General, Research, Technology

How is the brain of polyglots different from everyone else?

A polyglot is a person who is an adultHe speaks at least five foreign languages ​​of different linguistic groups or more. As the linguist Michael Erard notes, even the most gifted polyglots easily switch only between six or seven languages. At the same time, those who speak fluent different languages ​​often do not know them so well. Others read well in all languages, but do not speak all. At the same time, the most common myth about polyglot is precisely that they speak fluently and read well in all languages ​​at once. But what else do scientists know about the phenomenon of polyglots?

Greetings in different languages

You should not confuse polyglots with multilingual people (bilinguals) who have learned several languages ​​in childhood and from plurilingual, who learned several languages, at school.

There are more myths about polyglot than facts. So, there is an opinion that the male brain is more prone to multilingualism, and that all polyglots are left-handed, although there is no scientific evidence to support this. According to, these unfounded theories infuriate Yevgeny Fedorenko, a cognitive neuroscientist at the Massachusetts Institute of Technology (MIT). His laboratory conducts research aimed at dispelling myths about polyglot and shedding light on the work of their brain.

Polyglot: facts and myths

Recently, a polyglot named Suzanne Zarayskaya twospent hours inside the fMRI device. Zaraysk speaks nine languages, including: French, Spanish, Portuguese, Russian. At the same time, another woman speaks Ladino, a dialect of the Spanish language that was spoken by Jews expelled from Spain in the 15th century. About how many languages ​​on the Earth and how they appeared, read in the material of my colleague Daria Yeletskaya.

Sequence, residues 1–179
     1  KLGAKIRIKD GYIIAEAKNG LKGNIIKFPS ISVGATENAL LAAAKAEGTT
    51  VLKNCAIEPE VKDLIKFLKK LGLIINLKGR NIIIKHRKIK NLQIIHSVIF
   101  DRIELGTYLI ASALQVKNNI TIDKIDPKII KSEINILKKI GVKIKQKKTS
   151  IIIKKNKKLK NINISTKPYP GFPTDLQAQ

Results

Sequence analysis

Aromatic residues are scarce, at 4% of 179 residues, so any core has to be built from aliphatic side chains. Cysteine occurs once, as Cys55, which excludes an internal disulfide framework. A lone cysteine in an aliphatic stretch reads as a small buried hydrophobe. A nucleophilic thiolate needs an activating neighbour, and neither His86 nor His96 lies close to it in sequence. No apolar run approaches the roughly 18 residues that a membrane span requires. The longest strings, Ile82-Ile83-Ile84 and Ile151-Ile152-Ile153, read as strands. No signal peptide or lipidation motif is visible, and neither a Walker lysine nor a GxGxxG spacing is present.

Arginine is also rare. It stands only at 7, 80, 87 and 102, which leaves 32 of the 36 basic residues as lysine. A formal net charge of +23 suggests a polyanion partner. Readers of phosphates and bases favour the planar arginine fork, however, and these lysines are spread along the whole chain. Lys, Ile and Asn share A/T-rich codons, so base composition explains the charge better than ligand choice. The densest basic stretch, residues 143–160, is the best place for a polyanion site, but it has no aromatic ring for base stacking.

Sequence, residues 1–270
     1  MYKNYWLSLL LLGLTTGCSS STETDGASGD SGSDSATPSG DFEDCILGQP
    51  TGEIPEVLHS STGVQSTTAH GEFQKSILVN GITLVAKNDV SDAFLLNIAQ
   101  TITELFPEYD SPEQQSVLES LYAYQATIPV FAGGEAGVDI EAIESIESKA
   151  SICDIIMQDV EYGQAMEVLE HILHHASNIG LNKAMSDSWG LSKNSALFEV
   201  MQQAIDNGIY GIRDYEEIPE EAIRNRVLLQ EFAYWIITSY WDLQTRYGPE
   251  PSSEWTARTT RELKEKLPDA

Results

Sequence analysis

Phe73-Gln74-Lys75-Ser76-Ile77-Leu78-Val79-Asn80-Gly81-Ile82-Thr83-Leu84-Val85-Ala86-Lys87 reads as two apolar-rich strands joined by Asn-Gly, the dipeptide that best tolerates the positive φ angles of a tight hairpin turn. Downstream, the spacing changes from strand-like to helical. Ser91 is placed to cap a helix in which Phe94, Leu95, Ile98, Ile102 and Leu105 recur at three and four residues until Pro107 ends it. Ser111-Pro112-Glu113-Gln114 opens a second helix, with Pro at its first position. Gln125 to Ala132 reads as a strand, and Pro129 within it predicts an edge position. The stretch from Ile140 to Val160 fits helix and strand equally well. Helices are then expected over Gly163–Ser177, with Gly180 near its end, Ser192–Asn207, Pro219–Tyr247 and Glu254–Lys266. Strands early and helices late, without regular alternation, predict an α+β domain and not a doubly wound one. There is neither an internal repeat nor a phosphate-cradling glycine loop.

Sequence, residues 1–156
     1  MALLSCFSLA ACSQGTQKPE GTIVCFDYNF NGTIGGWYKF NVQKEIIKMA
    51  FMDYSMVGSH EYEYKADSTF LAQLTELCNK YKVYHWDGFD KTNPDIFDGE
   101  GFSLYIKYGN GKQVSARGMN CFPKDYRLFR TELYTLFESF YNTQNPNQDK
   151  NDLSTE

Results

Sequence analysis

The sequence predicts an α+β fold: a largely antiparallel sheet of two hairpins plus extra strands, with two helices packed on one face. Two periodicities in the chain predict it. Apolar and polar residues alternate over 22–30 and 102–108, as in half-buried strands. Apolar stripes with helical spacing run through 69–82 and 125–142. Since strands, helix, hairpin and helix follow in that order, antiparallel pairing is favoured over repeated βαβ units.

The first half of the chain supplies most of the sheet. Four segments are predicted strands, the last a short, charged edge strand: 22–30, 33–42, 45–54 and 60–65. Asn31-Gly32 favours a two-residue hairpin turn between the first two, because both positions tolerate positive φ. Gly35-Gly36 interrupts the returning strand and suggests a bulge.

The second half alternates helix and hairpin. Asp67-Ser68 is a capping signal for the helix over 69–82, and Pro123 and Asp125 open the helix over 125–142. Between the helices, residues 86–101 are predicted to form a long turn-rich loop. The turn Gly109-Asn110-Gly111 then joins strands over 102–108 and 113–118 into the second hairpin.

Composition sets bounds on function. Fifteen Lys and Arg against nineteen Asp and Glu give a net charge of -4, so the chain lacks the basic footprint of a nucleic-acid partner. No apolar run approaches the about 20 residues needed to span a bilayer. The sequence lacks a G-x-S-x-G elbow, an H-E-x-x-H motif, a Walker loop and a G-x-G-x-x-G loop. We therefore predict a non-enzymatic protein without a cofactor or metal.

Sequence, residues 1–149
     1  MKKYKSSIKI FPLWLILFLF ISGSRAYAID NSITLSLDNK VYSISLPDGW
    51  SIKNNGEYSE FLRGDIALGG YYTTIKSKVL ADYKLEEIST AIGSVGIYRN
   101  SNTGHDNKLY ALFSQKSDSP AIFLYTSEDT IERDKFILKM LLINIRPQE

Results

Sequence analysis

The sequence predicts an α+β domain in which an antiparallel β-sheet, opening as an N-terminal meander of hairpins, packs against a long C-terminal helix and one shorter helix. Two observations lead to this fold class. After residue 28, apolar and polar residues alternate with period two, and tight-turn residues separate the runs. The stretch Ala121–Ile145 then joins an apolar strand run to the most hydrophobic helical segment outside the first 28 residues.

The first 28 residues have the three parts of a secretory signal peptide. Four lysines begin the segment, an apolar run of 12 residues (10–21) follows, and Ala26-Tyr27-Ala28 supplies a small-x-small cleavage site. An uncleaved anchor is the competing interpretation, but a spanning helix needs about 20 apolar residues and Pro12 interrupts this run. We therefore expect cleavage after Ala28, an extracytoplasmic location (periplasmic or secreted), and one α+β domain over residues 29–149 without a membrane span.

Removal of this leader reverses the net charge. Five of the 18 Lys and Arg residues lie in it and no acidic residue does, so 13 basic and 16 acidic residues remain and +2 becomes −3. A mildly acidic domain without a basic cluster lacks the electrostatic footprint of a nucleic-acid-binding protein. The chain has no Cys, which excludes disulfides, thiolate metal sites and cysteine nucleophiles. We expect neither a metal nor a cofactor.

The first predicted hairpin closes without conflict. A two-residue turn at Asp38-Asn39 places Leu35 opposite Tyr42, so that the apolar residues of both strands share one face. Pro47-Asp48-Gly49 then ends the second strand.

As far as scientists know, now at MITThe first modern study of the brain of polyglots. Zarayskaya is the 23rd participant in the study, which differs from many other polyglots: she learns languages ​​mainly through conversation and singing. She told the researchers that she would die of boredom while reading a grammar textbook, as her polyglot friends (men) do. But does the brain of those who read textbooks work in the same way as the brain of Zaraysk, who learns languages ​​through conversation and songs? Scientists have been trying to figure this out for almost a century.

What languages ​​do you speak? Share your answer in the comments

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Linguist Michael Erard Traced the Study Historythere are no more polyglots in his book of Babylon. While working on the book, Erard talked with German neuroscientists who studied the surviving brain of Emil Krebs, a German diplomat who died in 1930. Krebs claimed to speak 68 languages. A recent analysis of his brain revealed some abnormalities, including denser cell structures in unexpected areas.

But was Krebs born with a predisposition tomultilingualism or did this ability develop over time as it grows older? Unfortunately, studying the pieces of Krebs brain cannot be found out. That is why the study of the living brain of polyglots at the Massachusetts Institute of Technology marks a lot more hope. It should be noted that it is very difficult to master a foreign language perfectly. In addition to the language, you need to get acquainted with the culture in which it was formed. Otherwise, a person will possess only “vocabulary” knowledge.

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What did fMRI scan show?

Scientists scan the brain at MITtest subjects and track blood flow, which tells them which areas are most active at one time or another. When the subject is inside the fMRI device with headphones, they include voices recorded on tape. Sometimes a language is heard that the polyglot knows well; in other cases, languages ​​that he partially understands. In the course of their work, the researchers included written languages ​​that the subjects were sure they did not understand at all.

Polyglot Suzanne Zarayskaya holds MIT brain scan listing

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Until February 2020, the results obtainedat first glance seemed illogical. The control group in the study was a group of monolinguals - people who speak only one language. They have brain regions associated with the tongue, in the fMRI images look pretty large. At the same time, the polyglots looked as if these areas were incredibly small. In other words, polyglots were less - and not more involved in the process.

The most obvious and plausible interpretationthe results obtained are efficiency. According to the authors of the study, which has not yet been peer reviewed and has not been published, the brain of polyglots simply should not work so hard. He does not need a sharp rush of blood to process data in a foreign language. According to Evgenia Fedorenko, the lead author of the study, the genius of polyglots is often overestimated. And it brings relief to everyone else. Agree, it’s nice to realize that you don’t need superpowers to learn foreign languages. One way or another, the study continues and we look forward to the results.